The following are five takeaways and questions following the South Carolina GOP primary.
1. Let's face it — all traditional signs point to Donald Trump as the Republican nominee
If Donald Trump were any candidate other than Donald Trump, we'd be on the cusp of calling him the presumptive Republican nominee. No Republican candidate who has won South Carolina and New Hampshire has ever lost the nomination, and he also came within three points of winning Iowa.
It's true this is anecdotal and in reality there is a small sample size of presidential elections to say this means anything definitive, but at the same time, it's hard to see where Trump loses momentum. Though polling in the state can be notoriously bad, what polls we do have of Nevada show Trump with an edge — and voters begin to caucus on Tuesday, in less than three days after the South Carolina results were announced. That doesn't leave much time for rivals to blunt Trump's momentum. And then, after Nevada, there's only a week until the race moves into Super Tuesday — in which 11 states vote.
There's been a lot of speculation about whether Trump can take the nomination even if a majority of Republicans oppose him. But as long as the field remains crowded enough to allow him to keep racking up wins with a plurality of support, this question may never matter.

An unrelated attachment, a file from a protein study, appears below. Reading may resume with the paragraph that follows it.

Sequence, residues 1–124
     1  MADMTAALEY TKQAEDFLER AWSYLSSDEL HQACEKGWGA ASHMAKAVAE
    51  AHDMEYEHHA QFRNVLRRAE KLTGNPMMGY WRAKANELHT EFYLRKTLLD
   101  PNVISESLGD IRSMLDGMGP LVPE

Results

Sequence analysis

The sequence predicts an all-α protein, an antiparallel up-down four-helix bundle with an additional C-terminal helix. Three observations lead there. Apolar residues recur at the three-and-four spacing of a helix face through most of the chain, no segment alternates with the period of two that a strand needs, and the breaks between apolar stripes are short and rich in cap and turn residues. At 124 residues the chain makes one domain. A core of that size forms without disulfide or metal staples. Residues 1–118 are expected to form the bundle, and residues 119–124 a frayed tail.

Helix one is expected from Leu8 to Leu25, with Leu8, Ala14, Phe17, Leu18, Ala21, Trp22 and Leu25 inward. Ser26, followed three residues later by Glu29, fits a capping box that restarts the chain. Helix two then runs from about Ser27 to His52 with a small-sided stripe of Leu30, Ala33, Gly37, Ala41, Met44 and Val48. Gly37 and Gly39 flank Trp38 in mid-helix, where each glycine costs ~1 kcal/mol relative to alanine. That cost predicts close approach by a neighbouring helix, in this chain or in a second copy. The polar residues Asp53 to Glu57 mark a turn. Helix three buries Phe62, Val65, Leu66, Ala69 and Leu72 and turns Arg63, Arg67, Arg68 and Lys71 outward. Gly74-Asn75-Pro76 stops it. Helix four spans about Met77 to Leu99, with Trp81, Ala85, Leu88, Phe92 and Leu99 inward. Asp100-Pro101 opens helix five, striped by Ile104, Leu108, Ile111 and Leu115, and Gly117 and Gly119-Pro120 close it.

As discussed below, there's still some reason to believe that if anti-Trump support becomes consolidated then there would be enough of it to deny him the nomination. There is some evidence that Trump underperformed polling in South Carolina, after a week in which his deviations from conservatism were starting to get more scrutiny. Though his past stated support for socialized medicine, legal partial birth abortion, and gun control — among other failed conservative litmus tests — did not doom him in South Carolina, they likely deprived him of a bigger victory and perhaps could come back to haunt him down the road.
2. If Ted Cruz can't make it in South Carolina, can he make it anywhere?
Following his strong third place showing in New Hampshire, I declared Cruz the new front-runner in the GOP race. I did so, because I viewed South Carolina as tailor-made for him — a state dominated by evangelicals and very conservative voters. With many conservatives having dropped out of the race and Ben Carson badly hobbled, it seemed there for the taking, especially given how strong his turnout operation proved in Iowa.
But Cruz ended up not only losing to somebody with a liberal record in Trump, but also Sen. Marco Rubio, albeit by only a few hundred votes.
It's important to remember that consolidating support of conservatives isn't just fundamental to Cruz's strategy for winning the Republican nomination, but it's central to his strategy of taking the general election. The Cruz theory is that Republicans lose presidential elections when they nominate squishes like Bob Dole, Sen. John McCain and Mitt Romney and conservatives stay home. His argument has been, if the GOP nominates him, he can energize conservatives in November. But that argument is now a lot more difficult to make given that he couldn't beat Trump or Rubio in South Carolina.
All of this said, team Cruz has an argument to make that they're the most viable anti-Trump candidate. For all the talk of a resurgent Rubio post-South Carolina, consider this: Cruz is the only candidate who has beaten Trump, he beat Rubio in New Hampshire, and he was within a few hundred votes of Rubio in South Carolina, where Rubio had the endorsement of the popular governor, more popular senator, and popular congressman. So it's fair to ask, why is Rubio considered more viable at this point?